"In the news, you only hear about us if someone got shot. In the media, they don't show enough positive things. We are the ones in jail, we are the ones raping, and we're the ones getting pregnant at 14 years old ....
"I don't smoke weed, I don't skip class .... I take college and university classes," says Ellis, who works part-time and wants to be a writer. "I am serious about life."
Ahmad, too, worries about the overwhelming negative image of blacks in the media.
"Sex, violence and crime sells and we are losing a whole generation because we are selling too much of this crap to them."
An administrator at the Somali Immigrant Aid Organization in Toronto, she spends her volunteer hours helping Somali women deal with the conflicts they face trying to hold on to their cultural identities in a society where western culture dominates. She is grateful to Western women who have worked hard to fight the practice of genital mutilation, now illegal, but says being stuck between the two cultures is very hard for many Somali women.
Her work with immigrant women and her experiences growing up in a predominantly Afro-Caribbean neighborhood in Toronto's west end have taught her about how black Canadian women view their cultural identity.
She is happy about the advances women have made in Canada but, like many, is disturbed by the stereotypes that taint people's opinion of black women.
"We need to see educated black women on TV. We need to see more of Oprah. Where are the black women with PhDs? Why are they not on television? And the mothers who struggled and got educated after they had their children, why are they not on TV?
"We are not seeing the best part of reality, just focusing on the negative."
But Ahmad is even more preoccupied by a different negative image: the view many have that equates Islam with terrorism. She wears traditional dress, including a headscarf, and feels she is viewed negatively because of it.
"Since 9/11, the whole world issue of terrorism is at our doorstep. People think if you wear a hijab, you are a Muslim and you must be involved in terrorism. I have nothing to do with terrorism. Neither do the (other) Muslims here. I feel we are reluctant to trust western culture again."
For Ahmad, the stereotyping of Muslim women is particularly painful. She immigrated to Canada when she was 10, adopted western dress and went to high school and university in Toronto. Once she had children, Ahmad began to rediscover her culture and her faith. The attacks in 2001 changed everything.
"It is now so scary that we're going to be harassed because we are Muslim. It's a big fear that I have, but it will not stop me from celebrating or enjoying my religion or my culture."
The challenge for Ahmad bringing up her daughters in Toronto centers more on their faith than the color of their skin. The cultural trappings of their dress, their language, and their names are like ominous clouds following them wherever they go, she says.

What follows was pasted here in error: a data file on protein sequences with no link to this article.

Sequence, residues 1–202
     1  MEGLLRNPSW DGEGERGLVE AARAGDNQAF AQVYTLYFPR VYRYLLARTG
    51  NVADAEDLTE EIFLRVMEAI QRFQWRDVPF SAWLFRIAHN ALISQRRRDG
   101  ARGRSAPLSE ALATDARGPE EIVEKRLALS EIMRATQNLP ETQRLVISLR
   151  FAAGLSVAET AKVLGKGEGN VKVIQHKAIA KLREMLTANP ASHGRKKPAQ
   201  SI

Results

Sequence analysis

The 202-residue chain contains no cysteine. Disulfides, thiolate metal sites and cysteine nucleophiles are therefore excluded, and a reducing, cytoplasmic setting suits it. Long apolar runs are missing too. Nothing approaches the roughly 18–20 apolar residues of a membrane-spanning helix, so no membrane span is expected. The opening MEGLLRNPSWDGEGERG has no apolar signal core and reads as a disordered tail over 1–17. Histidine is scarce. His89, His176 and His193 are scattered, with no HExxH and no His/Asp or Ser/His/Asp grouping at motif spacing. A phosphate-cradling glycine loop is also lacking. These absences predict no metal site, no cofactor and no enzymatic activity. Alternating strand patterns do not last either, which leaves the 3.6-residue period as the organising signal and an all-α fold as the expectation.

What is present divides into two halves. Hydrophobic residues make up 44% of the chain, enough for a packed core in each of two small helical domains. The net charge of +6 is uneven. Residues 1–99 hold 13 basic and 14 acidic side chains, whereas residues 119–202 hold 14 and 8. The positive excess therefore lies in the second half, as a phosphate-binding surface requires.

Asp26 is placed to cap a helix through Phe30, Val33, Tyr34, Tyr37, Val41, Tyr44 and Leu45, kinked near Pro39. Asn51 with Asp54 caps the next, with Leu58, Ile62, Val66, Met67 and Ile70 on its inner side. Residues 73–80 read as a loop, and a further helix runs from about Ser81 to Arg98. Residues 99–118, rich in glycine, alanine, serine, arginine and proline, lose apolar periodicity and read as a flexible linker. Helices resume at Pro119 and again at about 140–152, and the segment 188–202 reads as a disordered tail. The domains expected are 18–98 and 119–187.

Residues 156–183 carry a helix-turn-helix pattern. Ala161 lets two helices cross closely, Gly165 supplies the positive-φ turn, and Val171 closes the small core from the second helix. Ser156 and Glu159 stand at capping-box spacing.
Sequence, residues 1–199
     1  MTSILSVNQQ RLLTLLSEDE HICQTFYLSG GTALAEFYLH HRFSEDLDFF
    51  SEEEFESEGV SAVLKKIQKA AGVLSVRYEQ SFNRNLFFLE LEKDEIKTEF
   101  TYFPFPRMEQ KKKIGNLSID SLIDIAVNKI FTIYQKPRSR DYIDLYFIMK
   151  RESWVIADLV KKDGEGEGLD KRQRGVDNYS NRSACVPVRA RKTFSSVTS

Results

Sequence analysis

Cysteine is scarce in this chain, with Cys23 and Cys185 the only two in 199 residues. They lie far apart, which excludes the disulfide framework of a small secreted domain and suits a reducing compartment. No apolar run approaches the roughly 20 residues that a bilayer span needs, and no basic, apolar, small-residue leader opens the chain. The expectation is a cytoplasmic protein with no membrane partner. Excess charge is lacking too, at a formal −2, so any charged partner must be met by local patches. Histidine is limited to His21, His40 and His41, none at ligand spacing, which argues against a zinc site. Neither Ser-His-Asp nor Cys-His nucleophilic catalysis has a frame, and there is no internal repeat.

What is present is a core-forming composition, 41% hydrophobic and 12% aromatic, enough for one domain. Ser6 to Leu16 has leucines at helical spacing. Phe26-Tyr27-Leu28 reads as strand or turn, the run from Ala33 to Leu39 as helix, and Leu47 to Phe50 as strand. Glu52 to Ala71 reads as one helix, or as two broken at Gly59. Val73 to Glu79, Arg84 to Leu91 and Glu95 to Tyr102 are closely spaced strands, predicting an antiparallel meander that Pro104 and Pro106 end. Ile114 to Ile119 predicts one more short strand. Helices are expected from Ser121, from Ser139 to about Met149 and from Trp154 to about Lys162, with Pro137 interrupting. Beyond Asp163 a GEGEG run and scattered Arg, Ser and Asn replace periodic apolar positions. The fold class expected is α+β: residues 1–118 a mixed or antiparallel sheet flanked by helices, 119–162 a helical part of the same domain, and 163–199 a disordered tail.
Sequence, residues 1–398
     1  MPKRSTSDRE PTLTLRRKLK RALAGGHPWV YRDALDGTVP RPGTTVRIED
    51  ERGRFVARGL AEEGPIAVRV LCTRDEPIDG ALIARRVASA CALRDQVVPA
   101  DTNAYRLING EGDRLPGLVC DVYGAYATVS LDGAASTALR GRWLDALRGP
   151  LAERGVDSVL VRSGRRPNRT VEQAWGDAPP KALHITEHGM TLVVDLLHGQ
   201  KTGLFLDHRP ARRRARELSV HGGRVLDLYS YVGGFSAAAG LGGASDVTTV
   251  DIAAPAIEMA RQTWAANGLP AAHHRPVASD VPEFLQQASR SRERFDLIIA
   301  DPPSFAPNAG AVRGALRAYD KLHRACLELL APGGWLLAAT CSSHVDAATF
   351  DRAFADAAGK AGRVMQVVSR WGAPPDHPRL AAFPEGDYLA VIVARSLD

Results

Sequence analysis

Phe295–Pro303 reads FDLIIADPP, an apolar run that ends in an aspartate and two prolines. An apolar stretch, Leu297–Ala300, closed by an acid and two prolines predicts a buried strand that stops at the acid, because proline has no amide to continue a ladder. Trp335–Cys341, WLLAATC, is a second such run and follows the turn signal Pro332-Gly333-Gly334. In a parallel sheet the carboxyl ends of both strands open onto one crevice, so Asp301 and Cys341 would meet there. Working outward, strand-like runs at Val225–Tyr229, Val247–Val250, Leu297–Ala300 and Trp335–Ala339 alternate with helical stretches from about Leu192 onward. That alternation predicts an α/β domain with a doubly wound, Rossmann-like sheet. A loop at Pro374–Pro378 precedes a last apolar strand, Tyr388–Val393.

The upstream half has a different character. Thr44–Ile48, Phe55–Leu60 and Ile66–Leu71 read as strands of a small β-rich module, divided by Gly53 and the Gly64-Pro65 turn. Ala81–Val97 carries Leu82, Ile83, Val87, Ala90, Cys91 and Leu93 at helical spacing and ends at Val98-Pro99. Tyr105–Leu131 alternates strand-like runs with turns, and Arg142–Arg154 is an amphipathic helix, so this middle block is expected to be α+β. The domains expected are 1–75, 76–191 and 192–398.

"By just giving your name, employers know you are Muslim and you may not get the opportunity," she says.
And then there are the constraints that come from within Toronto's Somali community.
"We are from a very patriarchal society. As a Somali feminist, I want to have a relationship where my husband and I are equal, where I stand beside him and not behind him. It has got me into trouble a lot of times, but I want to live in a relationship where I am a partner with my husband, not someone my husband has to take care of.
"Most Somali men have a problem with that."
Even so, she sees attitudes changing.
"A number of the men who have been educated here want women as partners, too, so they can help pay off the mortgage quicker."
Just as Ahmad is addressing the problem of black identity by working with immigrant women and being strong in her faith, Cooper is using her academic career to fight ignorance about Canada's black history.
Her most recent book is The Hanging of Angelique (Harper Collins), the story of the execution of a rebellious black female slave. We're Rooted here and They Can't Pull Us Up: Essays in African Canadian Women's History (University of Toronto Press) is one of the first books she co-authored.
"That book was written out of frustration because (the) black women in terms of (her) role in history was not there," she says. "We asked questions and we were told there wasn't much documentation and that wasn't true. We went and found the documentation and wrote it, to put black women's voices out there.
"It is very painful to watch yourself being erased even as you are living."
Cooper says all women need to work together and find those commonalities that help to define a more global and less race-defined women's culture.
"Women all over the world still suffer from certain forms of oppression because of being female. I don't see my womanhood solely in terms of the oppression. I want to see it as something I celebrate."
Source: Toronto Star, Mar 11, 2006